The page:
Finally, we adjust the Transparency Score so that pollsters that are members of AAPOR's Transparency Initiative or share data with the Roper Center get a slight boost. We make this adjustment because some pollsters that share their data with Roper — which we consider a signal of maximum transparency — do not disclose some information we track (such as sample sizes or design effects), but this information could be derived by someone analyzing their shared data.

The final Transparency Score for a given pollster is a weighted average of all of the above, with 70 percent of the weight going to its directly measured transparency and 30 percent of the weight on its implied transparency — a value of 10 if it is a member of the AAPOR/Roper group, and 0 if it is not, with one exception: If a pollster's directly measured transparency is 8 or higher and it has released more than 15 polls, we treat it as an honorary member of the AAPOR/Roper group.

6. Combine error, bias and transparency into a single pollster rating

All this data work is useless without a good way to package it for readers. So we simplify the math and transparency calculations to make results more intuitive.

First, we combine the error and bias calculations into one aggregate statistic, which we've given the backronym POLLSCORE (Predictive Optimization of Latent skill Level in Surveys, Considering Overall Record, Empirically). To calculate POLLSCORE, we average Predictive Error and Predictive Bias together. This has the effect of rewarding pollsters that are both accurate and precise.

This leaves us with two numbers for each pollster: POLLSCORE and Transparency Score. Ranking pollsters on either metric is straightforward enough (just sort them!) — but how to combine them into a single rating? We use something called Pareto Optimality. In layman's terms, the "best" pollster in America would theoretically be one with the lowest POLLSCORE value and a Transparency Score of 10 out of 10. But in practice, the pollster with the lowest POLLSCORE and the pollster with the best Transparency Score are different pollsters. So our algorithm determines the "best" pollster to be the one that is closest to ideal on both metrics, even if it is not the best on any one metric.

This ranking procedure yields a single, combined score that summarizes each pollster's performance along both dimensions. For interpretability, we convert this value to a star rating, with 3.0 stars being the highest-quality pollsters and 0.5 stars representing the worst. Pollsters receive their rank ordering based on this star rating. One note here: While we calculate POLLSCORE and our Transparency Score for all pollsters, we rank only organizations or partnerships that appear to be actively publishing new surveys. A pollster is inactive either if we know the firm/partnership has shut down or if it has not published a new poll in at least 10 years.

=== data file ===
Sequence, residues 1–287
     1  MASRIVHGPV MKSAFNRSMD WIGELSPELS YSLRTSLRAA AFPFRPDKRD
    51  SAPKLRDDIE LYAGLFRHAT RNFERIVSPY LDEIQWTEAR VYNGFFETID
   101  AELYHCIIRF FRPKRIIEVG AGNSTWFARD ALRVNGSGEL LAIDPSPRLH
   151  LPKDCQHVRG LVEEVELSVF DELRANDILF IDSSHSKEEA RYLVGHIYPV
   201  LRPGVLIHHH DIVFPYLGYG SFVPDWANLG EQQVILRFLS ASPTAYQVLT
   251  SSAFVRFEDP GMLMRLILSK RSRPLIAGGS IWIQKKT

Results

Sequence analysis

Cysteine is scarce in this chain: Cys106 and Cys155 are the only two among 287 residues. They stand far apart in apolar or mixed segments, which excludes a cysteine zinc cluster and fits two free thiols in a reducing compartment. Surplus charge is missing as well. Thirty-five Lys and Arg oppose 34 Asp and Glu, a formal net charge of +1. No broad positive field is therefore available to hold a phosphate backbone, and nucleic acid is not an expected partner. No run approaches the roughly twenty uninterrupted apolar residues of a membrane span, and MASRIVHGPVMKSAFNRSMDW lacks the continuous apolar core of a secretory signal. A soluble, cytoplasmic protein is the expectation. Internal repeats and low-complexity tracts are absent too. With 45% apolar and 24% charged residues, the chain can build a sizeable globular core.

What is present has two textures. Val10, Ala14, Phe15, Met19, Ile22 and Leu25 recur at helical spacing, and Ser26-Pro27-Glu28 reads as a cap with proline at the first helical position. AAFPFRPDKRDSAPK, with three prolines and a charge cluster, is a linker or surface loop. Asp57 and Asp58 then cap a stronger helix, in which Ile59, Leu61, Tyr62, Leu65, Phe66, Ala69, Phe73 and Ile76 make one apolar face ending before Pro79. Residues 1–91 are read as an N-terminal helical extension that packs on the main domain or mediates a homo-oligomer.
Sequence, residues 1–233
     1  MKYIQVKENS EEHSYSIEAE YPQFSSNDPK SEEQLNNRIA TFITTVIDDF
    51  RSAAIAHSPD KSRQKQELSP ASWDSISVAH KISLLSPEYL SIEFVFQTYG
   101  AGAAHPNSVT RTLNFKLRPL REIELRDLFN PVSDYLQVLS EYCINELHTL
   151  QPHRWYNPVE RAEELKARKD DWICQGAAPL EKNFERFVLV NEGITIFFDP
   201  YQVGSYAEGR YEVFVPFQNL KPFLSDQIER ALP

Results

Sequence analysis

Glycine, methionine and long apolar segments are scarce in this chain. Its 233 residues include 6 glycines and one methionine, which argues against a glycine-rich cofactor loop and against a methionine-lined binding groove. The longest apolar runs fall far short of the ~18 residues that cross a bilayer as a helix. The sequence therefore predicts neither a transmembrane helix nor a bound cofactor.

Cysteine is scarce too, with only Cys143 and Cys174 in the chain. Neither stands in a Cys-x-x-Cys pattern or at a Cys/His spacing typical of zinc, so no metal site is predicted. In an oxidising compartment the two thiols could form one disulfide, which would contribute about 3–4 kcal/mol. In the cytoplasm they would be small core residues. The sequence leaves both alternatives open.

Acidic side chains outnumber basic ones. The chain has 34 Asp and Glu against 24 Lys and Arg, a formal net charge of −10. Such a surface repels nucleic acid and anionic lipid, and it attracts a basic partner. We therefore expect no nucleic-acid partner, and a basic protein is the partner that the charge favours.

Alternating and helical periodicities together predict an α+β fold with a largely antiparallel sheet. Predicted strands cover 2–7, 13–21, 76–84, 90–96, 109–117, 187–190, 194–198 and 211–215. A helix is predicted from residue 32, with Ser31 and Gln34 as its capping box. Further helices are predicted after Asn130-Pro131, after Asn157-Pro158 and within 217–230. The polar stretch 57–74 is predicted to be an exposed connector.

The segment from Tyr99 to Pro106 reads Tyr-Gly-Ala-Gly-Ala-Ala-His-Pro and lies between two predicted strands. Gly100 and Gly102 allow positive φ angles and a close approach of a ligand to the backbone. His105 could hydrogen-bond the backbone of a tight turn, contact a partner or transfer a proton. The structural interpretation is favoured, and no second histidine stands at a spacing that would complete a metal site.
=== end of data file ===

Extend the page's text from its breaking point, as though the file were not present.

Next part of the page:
7. Account for luck

There is one final thing for us to do, and that's account for luck. Despite all the bells and whistles of our models, there is simply no straightforward quantitative way to punish or reward pollsters that end up with good (or bad) ratings because one of their surveys was much more (or less) accurate than their surveys usually are. All of our models control for a poll's sampling error, for instance, but there are other, unmeasurable factors that can push a poll closer to or away from an election result (pollsters call this "nonsampling" error). And while Predictive Bias and Predictive Error account for some pollsters having small sample sizes (and thus a more uncertain rating), the underlying Adjusted Bias/Error calculations are based on averaging, which is subject to being pulled around by skewed data. (We tried using a median instead, but it gave us slightly worse results.)

Thus, what we really want from our ratings are not single point predictions of each pollster's POLLSCORE, Transparency Score and final rank, but distributions of them. We need a way to calculate how much each pollster's scores change if you ignore certain good (or bad) polls it has released. The method we turn to for this is called "bootstrapping." To bootstrap our model essentially means re-running all the steps we've described so far 1,000 times. Each time, we grade pollsters based on a random sample of their polls in our database. As is standard in bootstrapping, we sample the polls with replacement, meaning individual polls can be included multiple times in the same simulation. We do this to keep the number of polls we have for each pollster constant across simulations. In the end this procedure yields 1,000 different plausible pollster scores for each organization.

Finally, we calculate the median of these simulated POLLSCORE and Transparency Scores. Pollsters are re-ranked according to the algorithm described in Step 6. Compared to our point predictions, the bootstrapped results change rather little for most pollsters, but they punish those who score well because they got lucky once or twice and reward pollsters that more reliably have lower bias and error than other firms. As a final hedge against modeling error here, we average the bootstrapped results and point predictions together. These numbers are the final ratings you see on our dashboard.